A skill learning perspective that can help teachers and coaches use similar ideas for deliberate game design is the constraints-led perspective. The constraints-led perspective assists us to understand how modifying for exaggeration, reduction, simplification or elimination of game elements can help teachers and coaches plan for deliberate shaping and focusing of learning through game design that creates play with purpose. Game-centred teaching approaches – such as the Australian Game Sense approach, North American Tactical Games Approach, and UK Teaching Games for Understanding (TGfU) model, all emphasise the special characteristic of modifying games to shape and focus player learning. In sport coaching, Rick Charlesworth labelled the deliberate design of practice games for guided discovery learning and the coupling of technical, tactical and fitness training Designer Games (see http://www.sportsouth.co.nz/files/docs/hs_designergames.pdf ).

The constraints-led perspective suggests games can be modified in three areas – player constraints, environmental constraints, and task constraints. For example, to focus understanding of the positional requirements of a “wing” position in an invasion game the environment can be constrained such as there is a “wing” corridor outside of the field of play. Players can be constrained by the task requirement to play inside the field of play and not enter the wing corridor, except for a designated “wing” role who can play in the corridor. Task constraints may be related to use of implement to move the ball (eg. hockey), or body (eg. only pass by foot-kicking).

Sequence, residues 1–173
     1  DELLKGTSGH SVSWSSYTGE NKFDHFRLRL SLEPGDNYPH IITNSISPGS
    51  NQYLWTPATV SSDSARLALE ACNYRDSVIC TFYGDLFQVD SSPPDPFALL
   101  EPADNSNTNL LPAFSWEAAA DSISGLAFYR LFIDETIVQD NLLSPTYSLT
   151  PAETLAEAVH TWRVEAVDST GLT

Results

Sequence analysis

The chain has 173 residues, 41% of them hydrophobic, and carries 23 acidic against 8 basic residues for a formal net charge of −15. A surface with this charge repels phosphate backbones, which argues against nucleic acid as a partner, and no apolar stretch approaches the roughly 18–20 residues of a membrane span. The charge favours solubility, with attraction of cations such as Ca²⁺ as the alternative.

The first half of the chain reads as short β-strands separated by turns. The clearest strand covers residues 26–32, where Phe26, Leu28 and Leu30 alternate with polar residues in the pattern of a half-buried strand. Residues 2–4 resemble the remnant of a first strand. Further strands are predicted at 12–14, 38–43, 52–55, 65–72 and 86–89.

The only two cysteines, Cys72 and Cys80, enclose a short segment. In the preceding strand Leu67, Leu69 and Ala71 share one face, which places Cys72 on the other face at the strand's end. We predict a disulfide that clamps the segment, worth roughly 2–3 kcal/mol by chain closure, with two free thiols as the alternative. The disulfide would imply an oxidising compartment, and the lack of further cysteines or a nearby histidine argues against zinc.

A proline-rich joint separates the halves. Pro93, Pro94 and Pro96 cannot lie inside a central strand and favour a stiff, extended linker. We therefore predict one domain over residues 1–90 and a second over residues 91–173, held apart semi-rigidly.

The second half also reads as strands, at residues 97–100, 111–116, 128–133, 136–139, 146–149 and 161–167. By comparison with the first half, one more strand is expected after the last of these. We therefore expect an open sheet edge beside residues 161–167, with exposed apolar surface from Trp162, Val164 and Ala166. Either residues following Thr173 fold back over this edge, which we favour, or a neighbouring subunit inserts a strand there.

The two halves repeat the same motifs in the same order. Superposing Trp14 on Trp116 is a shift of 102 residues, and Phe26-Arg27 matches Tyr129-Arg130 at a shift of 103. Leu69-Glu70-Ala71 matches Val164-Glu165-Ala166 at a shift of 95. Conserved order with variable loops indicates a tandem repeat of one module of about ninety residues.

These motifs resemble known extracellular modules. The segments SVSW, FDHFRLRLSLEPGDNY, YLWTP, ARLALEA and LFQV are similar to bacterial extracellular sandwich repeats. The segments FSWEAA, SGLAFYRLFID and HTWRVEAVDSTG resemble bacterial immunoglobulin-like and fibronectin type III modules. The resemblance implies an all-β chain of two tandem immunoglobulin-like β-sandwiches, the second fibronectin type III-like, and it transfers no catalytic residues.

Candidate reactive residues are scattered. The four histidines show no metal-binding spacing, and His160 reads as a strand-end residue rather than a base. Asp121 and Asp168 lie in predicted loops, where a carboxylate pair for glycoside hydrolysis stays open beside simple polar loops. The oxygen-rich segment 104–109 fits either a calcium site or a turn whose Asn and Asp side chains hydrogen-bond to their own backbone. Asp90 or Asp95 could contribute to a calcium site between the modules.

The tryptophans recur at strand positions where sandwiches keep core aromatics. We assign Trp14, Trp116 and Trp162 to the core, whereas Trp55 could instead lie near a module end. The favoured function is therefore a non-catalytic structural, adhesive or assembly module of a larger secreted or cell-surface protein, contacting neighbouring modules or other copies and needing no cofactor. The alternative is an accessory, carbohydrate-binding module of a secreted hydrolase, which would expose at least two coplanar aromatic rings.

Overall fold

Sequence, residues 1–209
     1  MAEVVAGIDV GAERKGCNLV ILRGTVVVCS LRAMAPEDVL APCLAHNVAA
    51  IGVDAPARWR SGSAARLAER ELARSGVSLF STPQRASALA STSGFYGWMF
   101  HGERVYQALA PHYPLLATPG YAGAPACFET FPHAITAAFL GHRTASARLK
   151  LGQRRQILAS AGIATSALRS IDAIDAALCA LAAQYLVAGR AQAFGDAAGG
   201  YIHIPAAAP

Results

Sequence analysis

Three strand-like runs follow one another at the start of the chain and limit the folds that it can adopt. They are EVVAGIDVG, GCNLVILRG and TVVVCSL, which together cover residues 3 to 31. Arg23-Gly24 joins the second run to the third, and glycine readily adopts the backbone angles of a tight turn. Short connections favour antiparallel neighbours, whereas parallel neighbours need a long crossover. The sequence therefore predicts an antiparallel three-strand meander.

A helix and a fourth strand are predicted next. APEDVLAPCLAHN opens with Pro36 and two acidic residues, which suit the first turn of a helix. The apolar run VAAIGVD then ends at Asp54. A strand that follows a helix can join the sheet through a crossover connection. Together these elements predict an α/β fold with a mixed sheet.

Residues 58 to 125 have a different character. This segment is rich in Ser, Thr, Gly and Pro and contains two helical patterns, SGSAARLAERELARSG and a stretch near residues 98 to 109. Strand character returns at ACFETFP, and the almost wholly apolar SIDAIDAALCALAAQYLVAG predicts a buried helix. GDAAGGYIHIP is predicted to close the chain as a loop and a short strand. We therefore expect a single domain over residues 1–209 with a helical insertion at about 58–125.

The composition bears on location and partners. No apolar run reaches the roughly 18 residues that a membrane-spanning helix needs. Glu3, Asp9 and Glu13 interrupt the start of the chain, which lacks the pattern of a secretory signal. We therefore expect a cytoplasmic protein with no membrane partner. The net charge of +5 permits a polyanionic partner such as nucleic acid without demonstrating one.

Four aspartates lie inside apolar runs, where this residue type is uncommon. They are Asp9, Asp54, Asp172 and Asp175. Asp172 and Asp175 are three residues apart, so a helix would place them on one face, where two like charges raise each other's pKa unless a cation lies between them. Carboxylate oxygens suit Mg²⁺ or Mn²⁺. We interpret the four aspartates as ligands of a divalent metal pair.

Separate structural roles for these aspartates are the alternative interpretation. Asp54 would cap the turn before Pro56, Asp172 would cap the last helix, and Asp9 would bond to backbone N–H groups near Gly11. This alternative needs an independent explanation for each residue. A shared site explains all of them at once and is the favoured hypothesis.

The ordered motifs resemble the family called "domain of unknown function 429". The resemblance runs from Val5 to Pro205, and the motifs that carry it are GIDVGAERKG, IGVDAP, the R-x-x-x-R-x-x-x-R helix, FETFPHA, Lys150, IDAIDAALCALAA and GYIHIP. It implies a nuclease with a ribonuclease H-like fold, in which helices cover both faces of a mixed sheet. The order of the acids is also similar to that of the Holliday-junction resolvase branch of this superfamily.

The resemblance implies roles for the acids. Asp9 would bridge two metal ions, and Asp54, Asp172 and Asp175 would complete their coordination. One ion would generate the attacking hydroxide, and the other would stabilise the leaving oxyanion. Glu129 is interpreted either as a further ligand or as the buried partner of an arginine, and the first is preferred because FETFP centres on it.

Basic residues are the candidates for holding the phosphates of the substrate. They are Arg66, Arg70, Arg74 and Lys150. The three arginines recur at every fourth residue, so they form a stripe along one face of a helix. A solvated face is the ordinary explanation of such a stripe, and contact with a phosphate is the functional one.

The early literature on TGfU promoted the use of student designed games in physical education. An example of this from sport is the Australian Rugby League Backyard League Model. Similar to the design principles involved in digital game design, the Backyard League model allows customisation of the game experience.